|Publication number||US3940116 A|
|Application number||US 05/463,615|
|Publication date||Feb 24, 1976|
|Filing date||Apr 24, 1974|
|Priority date||Apr 24, 1974|
|Publication number||05463615, 463615, US 3940116 A, US 3940116A, US-A-3940116, US3940116 A, US3940116A|
|Inventors||Jerry M. Verlinden, Gary D. Swinford, Kyle L. DeJaeger, Michael W. Kennedy|
|Original Assignee||Mile High Equipment Company|
|Export Citation||BiBTeX, EndNote, RefMan|
|Patent Citations (4), Referenced by (9), Classifications (10), Legal Events (2)|
|External Links: USPTO, USPTO Assignment, Espacenet|
1. Field of the Invention
This invention relates to ice dispensing machines of the type which maintain particulate ice under agitation and more particularly relates to an agitator system for lessening tunneling and congealing of the ice.
2 Brief Description of the Prior Art
Devices for feeding or dispensing pulverized, chipped or flaked ice are useful for various refrigerating or cooling purposes. For example, dairy products, such as milk and cream in containers, are often packed in large crates and it is desirable to deposit an amount of chipped or flaked ice in the crates, e.g., as the crates are moved along a conveyor, to insure proper refrigeration of the crate contents. Flaked ice also is used extensively in mixed drinks such as fruit flavored drinks in slush-type form. For this purpose an ice dispenser is used. One type of dispenser includes a hopper for holding the ice, a delivery system such as a screw feed for delivering ice from the hopper, and an agitator for maintaining the ice in the hopper in a particulate agitated state for proper delivery from the dispenser. The agitator has a rotatable shaft with a plurality of agitating blades or other means carried thereon to agitate the ice. In one device generally radially extending rigid spokes are provided which churn through the ice as the agitator shaft rotates. However, it has been found that the use of such agitators can lead to ice buildup or congealing at the hopper walls and the spokes can create undesirable tunneling in the particulate ice especially at the temperature of setting.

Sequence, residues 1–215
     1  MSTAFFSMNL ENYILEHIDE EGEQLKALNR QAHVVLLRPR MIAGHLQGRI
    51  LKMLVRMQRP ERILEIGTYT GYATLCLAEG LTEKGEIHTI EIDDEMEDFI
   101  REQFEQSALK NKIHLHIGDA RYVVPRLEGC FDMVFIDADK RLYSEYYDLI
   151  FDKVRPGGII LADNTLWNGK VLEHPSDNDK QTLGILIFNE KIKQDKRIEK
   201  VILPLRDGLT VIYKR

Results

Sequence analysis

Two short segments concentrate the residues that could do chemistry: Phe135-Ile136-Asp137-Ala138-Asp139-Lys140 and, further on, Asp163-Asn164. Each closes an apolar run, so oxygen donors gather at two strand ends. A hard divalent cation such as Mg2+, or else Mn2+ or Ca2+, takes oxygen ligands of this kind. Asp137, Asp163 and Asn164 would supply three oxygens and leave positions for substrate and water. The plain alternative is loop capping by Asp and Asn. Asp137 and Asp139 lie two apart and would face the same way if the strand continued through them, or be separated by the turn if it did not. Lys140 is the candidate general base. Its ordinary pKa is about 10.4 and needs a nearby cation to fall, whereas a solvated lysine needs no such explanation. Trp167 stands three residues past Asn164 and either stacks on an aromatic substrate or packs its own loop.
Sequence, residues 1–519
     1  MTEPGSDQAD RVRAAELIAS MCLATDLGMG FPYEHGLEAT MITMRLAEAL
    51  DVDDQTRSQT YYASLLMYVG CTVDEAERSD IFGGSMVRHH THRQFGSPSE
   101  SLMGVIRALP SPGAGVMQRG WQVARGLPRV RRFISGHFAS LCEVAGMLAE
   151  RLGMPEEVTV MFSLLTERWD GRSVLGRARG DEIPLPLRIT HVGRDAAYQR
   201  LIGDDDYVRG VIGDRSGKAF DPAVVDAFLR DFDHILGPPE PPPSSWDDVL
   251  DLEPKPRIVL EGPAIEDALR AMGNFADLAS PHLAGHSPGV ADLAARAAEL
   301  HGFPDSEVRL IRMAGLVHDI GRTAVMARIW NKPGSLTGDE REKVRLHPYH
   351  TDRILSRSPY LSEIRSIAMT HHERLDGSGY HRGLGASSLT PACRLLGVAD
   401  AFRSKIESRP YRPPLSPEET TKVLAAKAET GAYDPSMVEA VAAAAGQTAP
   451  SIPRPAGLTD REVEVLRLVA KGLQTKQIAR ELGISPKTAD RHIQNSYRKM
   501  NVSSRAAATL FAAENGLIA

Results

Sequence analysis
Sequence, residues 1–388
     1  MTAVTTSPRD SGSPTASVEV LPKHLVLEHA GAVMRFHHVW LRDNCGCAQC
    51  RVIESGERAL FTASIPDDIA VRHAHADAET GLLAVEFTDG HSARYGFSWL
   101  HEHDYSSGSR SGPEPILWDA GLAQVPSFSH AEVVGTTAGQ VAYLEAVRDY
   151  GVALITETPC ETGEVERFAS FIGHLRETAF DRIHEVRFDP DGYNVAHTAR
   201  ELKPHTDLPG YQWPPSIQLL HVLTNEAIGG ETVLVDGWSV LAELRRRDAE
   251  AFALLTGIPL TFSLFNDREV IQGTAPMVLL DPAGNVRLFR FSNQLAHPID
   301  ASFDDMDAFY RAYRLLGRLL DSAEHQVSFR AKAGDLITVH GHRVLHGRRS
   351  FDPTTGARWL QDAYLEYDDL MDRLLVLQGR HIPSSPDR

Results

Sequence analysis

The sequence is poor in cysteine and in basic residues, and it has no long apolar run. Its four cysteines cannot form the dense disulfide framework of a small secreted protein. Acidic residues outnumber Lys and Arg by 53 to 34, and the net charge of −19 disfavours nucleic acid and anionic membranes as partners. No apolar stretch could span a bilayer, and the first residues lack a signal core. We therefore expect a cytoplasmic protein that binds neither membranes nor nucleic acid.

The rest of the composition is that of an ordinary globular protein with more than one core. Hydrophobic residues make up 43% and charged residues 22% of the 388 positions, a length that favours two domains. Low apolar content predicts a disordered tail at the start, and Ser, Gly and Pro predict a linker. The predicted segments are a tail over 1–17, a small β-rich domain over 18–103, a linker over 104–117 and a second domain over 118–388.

The present invention provides an improvement in ice storage and dispensing devices of the character described in which generally radially extending rigid agitator members or spokes are used to churn through the ice. In accordance with the present invention, flexible agitator means are secured to and extend between the ends of certain axially spaced spokes. The flexible means comprises tubular members positioned so as to ride close to and wipe against the hopper wall to prevent congealing as well as prevent tunneling of the spokes through the ice within the hopper.
While this invention is susceptible of embodiment in many different forms, there is shown in the drawings and will herein be described in detail specific embodiments therefor, with the understanding that the present disclosure is to be considered as an exemplification of the principles of the invention and is not intended to limit the invention to the embodiment illustrated.
FIG. 1 is a perspective view of one form of the agitator assembly of the present invention;
FIG. 2 is a vertical section through a form of ice dispensing device provided by the present invention and using the agitator of FIG. 1;
FIG. 3 is a partial vertical sectional view showing the agitator within the dispensing device as viewed from the left in FIG. 2;
FIG. 4 is a horizontal section through the device taken generally along the line 4--4 in FIG. 3;
FIG. 5 is a vertical section similar to that of FIG. 2, of a modified form of the invention; and
FIG. 6 is a partial vertical sectional view similar to that of FIG. 3, of the form of the invention shown in FIG. 5.
Referring first to the form of the invention shown in FIG. 1, the agitator assembly used in the storage and dispenser device of the present invention includes a tubular shaft 12 having a plurality (three pair shown) of rigid agitator bars or spokes 14, 16 and 18 extending laterally or generally radially therefrom. Each pair may comprise a single rod extending diametrically through the shaft 12. Two lengths of F.D.A. approved polyvinylchloride plastic tubes 20 and 22 are provided with their open ends received on the ends of spokes 14 and 18 so that they extend both lengthwise and angularly of the shaft 12 forming generally helically shaped flexible wipers. In other words, the ends of spokes 14 and 18 being axially and radially spaced from each other causes the tubes 20 and 22 to assume their generally helical shape.